Burns may be inflicted through contact with a dry hot object or through immersion in hot water. One common type of inflicted burn occurs secondary to contact with a cigarette. Inadvertent contact with a lit cigarette tends to create less severe or linear burns; however, inflicted cigarette burns are usually circular, measuring 8 to 10 mm (Fig. 66-3). Initially they have a blistered appearance but then become ulcerated and crust over. Burn injuries also may assume a patterned appearance resembling the configuration of the hot object, such as a heating grid or an iron. Immersion burns occur when a child or infant is placed in hot water. Such burns often involve the anogenital area and may represent punishment for toilet training accidents, or they involve hands or feet (glove-stocking distribution) that have been dunked in hot water. Immersion burns are usually second-degree burns (Fig. 66-4). The extent of the burn is influenced by the temperature of the water, the body site exposed (the skin is thinner in certain areas, such as the anogenital region), the age of the individual (younger children and elderly adults have thinner skin), and the duration of the contact between the hot object and the skin (Table 66-2).11 Burns caused by contact with viscous liquids, such as grease, oils, or syrups, may be more severe because such liquids are more adherent to the skin surface. Chemical burns may occur through contact with corrosive products, including industrial-strength cleaning agents.

Patients with burns of the hands and feet or anogenital region require specialty care; for many emergency medical service systems, once the patient’s condition has been stabilized in the emergency department, he or she will be transported to a burn center. Escharotomy may be required in selected cases when the burns are circumferential and severe.

Accidental burns can occur in children and usually involve scald injuries, which happen when children spill hot liquids, such as coffee, on their clothes and skin. Spill burns have a characteristic drip appearance, with more extensive and severe injury proximal to the point of contact and less extensive and milder injury more distally (Fig. 66-5). Disposable diapers are very absorbent of heat as well as of liquids. Scald burns in the anogenital area that are attributed to hot beverages falling into a child’s diaper should be scrutinized carefully, and if there is any concern of abuse, a report should be made by anyone who is considered a mandated reporter such as a paramedic, nurse, physician, or social worker.12,13 The report is made to child protective services or law enforcement. Many jurisdictions have a “child abuse hotline” to facilitate such reporting.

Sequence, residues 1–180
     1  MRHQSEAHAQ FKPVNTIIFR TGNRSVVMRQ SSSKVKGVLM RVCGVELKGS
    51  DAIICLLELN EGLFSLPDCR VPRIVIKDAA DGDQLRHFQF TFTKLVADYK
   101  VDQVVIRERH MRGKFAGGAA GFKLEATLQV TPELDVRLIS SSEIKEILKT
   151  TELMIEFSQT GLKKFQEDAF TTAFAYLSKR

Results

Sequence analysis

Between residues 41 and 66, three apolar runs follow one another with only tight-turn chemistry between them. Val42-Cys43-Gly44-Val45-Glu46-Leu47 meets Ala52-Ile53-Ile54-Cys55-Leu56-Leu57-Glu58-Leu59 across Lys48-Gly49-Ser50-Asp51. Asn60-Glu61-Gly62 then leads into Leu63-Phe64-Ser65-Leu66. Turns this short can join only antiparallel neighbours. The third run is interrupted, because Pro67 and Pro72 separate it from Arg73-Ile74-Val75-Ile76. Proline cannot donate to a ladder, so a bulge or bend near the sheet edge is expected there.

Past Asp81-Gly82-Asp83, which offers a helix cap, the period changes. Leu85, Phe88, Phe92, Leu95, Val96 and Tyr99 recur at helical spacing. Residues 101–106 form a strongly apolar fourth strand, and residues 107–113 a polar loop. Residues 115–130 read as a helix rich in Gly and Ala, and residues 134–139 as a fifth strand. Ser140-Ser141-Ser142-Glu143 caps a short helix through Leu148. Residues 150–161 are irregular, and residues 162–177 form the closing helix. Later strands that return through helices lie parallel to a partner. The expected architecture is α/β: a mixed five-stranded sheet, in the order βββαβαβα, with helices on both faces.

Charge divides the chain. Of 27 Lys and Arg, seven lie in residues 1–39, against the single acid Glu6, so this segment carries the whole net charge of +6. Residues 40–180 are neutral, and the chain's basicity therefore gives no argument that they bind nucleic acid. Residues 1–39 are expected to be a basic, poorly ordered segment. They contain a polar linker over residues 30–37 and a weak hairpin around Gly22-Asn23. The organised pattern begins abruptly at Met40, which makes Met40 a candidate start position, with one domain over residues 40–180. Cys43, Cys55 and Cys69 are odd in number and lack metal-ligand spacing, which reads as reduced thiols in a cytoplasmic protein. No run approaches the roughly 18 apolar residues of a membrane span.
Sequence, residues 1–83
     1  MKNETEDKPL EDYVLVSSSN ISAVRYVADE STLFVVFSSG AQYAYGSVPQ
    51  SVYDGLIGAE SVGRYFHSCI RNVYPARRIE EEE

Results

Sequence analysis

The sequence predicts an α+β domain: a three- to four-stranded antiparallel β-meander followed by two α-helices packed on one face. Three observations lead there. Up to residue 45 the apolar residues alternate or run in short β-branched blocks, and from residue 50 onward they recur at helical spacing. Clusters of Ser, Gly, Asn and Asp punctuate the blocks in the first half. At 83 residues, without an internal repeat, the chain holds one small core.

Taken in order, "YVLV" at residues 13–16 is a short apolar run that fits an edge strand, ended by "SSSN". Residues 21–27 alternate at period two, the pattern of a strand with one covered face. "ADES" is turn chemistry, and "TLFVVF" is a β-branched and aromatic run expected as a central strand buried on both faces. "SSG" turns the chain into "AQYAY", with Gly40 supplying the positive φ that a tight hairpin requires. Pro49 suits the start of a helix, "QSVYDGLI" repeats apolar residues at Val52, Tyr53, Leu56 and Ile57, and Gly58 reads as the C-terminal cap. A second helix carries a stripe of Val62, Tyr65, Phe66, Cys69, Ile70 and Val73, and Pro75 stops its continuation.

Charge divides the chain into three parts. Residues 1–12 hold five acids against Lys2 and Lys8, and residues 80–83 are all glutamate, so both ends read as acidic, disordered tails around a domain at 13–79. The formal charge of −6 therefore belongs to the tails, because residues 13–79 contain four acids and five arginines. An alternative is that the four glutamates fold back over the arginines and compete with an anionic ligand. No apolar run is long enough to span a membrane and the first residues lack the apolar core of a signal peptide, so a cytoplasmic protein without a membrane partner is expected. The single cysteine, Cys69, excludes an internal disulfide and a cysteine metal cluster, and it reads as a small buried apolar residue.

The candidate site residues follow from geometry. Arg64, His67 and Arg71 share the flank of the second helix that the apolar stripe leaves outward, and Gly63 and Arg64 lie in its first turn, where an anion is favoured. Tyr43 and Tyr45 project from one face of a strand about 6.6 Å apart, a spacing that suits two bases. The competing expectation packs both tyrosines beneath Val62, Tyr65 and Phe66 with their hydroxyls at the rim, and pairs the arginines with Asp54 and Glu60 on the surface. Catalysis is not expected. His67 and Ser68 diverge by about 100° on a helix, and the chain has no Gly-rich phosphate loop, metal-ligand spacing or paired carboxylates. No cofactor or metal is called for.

Skeletal injuries may involve any of the bones in the body. Although approximately 42% of boys and 27% of girls have sustained a fracture before the age of 16 years, certain fractures are highly suspicious of an inflicted injury (Table 66-3).14,15 In particular, metaphyseal fractures, rib fractures, and certain types of skull fractures should raise concern about inflicted trauma (Fig. 66-6). Metaphyseal fractures (i.e., classic metaphyseal lesions) occur because of yanking or pulling on an extremity. On radiographs they may appear as metaphyseal chips or what is referred to as a bucket-handle injury of the metaphysis of the long bone. They are characterized by the absence of callus as they heal (Fig. 66-7). They usually are noted in children younger than 2 years. Long bone fractures involving the lower extremities are equally concerning in preambulatory children. Once children are ambulatory, accidental injuries such as toddler factures (nondisplaced spiral fractures of the distal tibia) are not uncommon. Rib fractures, particularly posterior rib fractures in an otherwise healthy infant, are virtually pathognomonic for inflicted injury16 (Fig. 66-8). The rib cage, because of its archlike structure, must be subjected to a good deal of force for disruption to be caused. Rib fractures are extremely uncommon as a consequence of cardiopulmonary resuscitation (CPR) and are not reported across the age spectrum. In addition, there is no evidence that chest encirclement for CPR is more likely than two-finger sternal compression to cause rib fractures.17 The presence of multiple skull fractures or skull fractures in the occipital region is unusual in cases of accidental trauma and should raise concern for inflicted trauma. Fractures that are diastatic (>3 mm in width) or grow in size are less specific as markers for nonaccidental trauma; however, they are usually associated with mechanisms of injury that involve greater traumatic forces.